Urban Planner: March 24, 2011

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Urban Planner: March 24, 2011

Urban Planner is Torontoist‘s guide to what’s on in Toronto, published every weekday morning, and in a weekend edition Friday afternoons. If you have an event you’d like considered, email all of its details—as well as images, if you’ve got any—to events@torontoist.com.

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Improv comediennes The Sufferettes (Becky Johnson and Kayla Lorette) take part in the Parkdale Comedy Experiment tonight. Artwork by Shannon Gerard.


In today’s Urban Planner: the Complaints Choir sings in the Distillery, a Juno Block Party rocks Metro Square, The Road Less Traveled makes a stop at the Gladstone, some of Nohayquiensepa‘s questions are answered in a post-show discussion, and The Sufferettes perform their final hometown show before their upcoming European tour.

MUSIC: In the middle of a highly publicized week of public performances, Toronto’s first Complaints Choir makes a stop at the Distillery District, where the volunteer choir will regale the dinner and pre-theatre crowd with the best complaints they received and turned into song. Distillery District (Tank House Lane, just south of Mill Street), 6:30 p.m., FREE.
PARTY: The Juno Awards are ramping up for this weekend’s fortieth anniversary awards ceremony, and tonight’s big public event takes the form of a Sirius Satellite–sponsored Juno Block Party in the middle of the downtown core. Headliners City and Colour and Hannah Georgas will play free outdoor sets for the Bay Street after-work crowd. Metro Square (King Street West & Duncan Street), 7 p.m., FREE.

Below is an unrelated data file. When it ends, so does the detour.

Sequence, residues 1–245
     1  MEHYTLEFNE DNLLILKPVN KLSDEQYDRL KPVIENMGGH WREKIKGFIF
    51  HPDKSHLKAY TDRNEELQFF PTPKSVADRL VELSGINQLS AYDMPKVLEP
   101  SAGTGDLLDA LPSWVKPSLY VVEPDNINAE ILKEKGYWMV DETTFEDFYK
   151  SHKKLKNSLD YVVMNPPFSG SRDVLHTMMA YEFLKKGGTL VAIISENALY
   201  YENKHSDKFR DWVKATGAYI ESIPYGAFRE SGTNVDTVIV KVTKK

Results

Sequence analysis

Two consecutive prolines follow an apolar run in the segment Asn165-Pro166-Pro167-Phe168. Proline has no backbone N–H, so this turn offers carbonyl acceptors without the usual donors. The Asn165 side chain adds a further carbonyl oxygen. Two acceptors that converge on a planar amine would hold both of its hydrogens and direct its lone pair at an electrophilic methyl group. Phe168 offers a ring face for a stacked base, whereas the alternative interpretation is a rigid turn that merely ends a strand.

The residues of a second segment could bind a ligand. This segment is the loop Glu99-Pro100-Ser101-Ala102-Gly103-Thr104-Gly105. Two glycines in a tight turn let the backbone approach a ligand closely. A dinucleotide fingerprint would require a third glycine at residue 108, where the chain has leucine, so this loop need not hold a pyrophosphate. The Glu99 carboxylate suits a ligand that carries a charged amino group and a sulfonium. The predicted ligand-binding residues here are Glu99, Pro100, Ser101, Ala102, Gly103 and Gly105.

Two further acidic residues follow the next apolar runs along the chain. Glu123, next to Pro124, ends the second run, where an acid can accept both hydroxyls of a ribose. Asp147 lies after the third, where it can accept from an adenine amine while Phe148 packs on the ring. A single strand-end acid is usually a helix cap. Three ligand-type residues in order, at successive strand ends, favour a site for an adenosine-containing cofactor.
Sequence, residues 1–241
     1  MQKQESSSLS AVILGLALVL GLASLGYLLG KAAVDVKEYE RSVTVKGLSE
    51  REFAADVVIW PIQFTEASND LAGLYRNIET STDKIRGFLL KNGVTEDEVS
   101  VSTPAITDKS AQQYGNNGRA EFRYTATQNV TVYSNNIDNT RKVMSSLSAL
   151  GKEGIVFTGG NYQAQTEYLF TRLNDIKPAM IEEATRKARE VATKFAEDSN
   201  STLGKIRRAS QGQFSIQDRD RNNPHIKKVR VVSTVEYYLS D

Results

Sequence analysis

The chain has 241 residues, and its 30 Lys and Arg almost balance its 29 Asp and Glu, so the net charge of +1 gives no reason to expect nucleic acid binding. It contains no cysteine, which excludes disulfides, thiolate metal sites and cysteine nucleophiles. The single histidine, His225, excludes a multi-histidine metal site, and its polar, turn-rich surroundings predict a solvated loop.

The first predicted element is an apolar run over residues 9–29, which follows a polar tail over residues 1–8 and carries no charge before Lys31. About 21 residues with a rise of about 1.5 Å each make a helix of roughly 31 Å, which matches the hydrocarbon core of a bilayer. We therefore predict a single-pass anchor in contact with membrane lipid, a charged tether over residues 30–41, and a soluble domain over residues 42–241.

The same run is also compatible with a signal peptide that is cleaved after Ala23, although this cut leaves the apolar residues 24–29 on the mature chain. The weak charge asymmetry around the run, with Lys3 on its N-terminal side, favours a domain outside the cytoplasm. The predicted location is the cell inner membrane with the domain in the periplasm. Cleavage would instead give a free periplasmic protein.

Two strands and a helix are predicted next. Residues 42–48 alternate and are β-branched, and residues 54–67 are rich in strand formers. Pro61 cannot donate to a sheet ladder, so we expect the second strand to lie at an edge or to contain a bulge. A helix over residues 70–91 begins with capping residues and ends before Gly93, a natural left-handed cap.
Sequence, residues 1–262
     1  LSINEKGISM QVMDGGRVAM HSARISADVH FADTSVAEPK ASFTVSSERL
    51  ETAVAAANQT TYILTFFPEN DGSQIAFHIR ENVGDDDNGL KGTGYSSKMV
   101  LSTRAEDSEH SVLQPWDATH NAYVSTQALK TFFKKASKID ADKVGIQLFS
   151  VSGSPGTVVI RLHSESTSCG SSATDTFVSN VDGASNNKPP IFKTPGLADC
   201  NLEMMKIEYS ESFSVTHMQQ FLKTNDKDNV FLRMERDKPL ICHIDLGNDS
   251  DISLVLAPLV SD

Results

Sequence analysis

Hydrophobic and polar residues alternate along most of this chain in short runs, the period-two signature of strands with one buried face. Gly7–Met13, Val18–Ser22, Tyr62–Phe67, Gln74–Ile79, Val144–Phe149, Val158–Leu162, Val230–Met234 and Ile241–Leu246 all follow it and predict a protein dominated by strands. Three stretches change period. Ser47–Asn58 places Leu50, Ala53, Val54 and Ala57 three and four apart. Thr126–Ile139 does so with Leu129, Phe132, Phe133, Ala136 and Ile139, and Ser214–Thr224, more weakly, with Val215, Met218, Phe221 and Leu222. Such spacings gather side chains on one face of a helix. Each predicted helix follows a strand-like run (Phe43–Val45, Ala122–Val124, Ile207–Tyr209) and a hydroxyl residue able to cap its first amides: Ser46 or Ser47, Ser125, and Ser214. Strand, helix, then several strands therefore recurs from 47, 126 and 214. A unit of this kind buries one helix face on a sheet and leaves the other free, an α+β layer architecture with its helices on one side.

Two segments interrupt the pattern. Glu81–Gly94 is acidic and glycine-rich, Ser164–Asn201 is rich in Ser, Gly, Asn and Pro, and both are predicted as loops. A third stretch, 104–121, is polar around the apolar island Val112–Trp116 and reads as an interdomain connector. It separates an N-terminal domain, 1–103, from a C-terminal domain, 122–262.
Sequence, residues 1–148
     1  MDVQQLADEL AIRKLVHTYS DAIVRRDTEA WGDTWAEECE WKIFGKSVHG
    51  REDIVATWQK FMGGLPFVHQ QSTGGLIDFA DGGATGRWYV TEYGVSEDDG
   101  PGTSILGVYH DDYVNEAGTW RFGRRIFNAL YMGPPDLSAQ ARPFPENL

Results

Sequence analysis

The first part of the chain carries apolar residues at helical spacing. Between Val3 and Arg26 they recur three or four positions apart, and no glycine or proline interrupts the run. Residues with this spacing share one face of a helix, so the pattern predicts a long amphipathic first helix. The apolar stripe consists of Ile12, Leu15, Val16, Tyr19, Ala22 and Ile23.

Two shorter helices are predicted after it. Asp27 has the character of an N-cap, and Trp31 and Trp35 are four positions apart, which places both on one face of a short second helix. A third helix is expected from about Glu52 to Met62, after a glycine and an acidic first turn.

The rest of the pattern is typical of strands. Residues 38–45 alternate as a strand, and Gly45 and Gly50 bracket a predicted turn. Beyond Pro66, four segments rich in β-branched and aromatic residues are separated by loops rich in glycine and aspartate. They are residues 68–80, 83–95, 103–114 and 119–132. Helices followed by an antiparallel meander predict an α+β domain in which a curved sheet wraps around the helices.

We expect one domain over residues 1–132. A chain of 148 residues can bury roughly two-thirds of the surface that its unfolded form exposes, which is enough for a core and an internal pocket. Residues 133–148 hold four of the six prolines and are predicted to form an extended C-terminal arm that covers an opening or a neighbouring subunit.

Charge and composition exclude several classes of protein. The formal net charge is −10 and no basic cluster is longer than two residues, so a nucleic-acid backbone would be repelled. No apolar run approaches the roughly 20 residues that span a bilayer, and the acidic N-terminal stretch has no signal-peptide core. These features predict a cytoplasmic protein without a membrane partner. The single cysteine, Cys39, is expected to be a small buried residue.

LAUNCH: Independently produced TV documentary series Roads Less Traveled, featuring globe-trotting host and creator Natalia Kantor, is throwing a launch party for the show, featuring a premiere screening of the trailer, an interview with one of the series’ subjects, yurt dweller David Master, a Q&A with the creators, and live music and DJs. Gladstone Hotel Ballroom (1214 Queen Street West), 7:30 p.m., $10.
THEATRE/DISCUSSION: Aluna Theatre‘s Nohayquiensepa, which opened last Tuesday, is a visually affecting multimedia performance, drawing inspiration from accounts and reports of the “disappeared” in Colombia, and the practices of Canadian mining companies in the region. Very little is explicitly said about it in the show; in fact, since most of the show is dance, movement, projection, and video, very little is said altogether. Tonight, after the performance, a panel discussion on Canadian mining operations in South America will lend some context to the beautiful and disturbing work of theatre. The Theatre Centre (1087 Queen Street West), show at 8 p.m., followed by discussion at 9:20 p.m., $20.
COMEDY: Funny-on-their-feet ladies Becky Johnson and Kayla Lorette, known together as The Sufferettes, are embarking on a six-date tour of Europe, but before they take their witty improv act across the Atlantic, they’re participating in the Parkdale Comedy Experiment. Tonight’s oddball comedic show, hosted by Conor Holler and “bodega owner” Sara Hennessey, will also feature a character turn by Kathleen Phillips and a musical performance from Dr. Ew. Parts & Labour (1566 Queen Street West), 9 p.m., $3.

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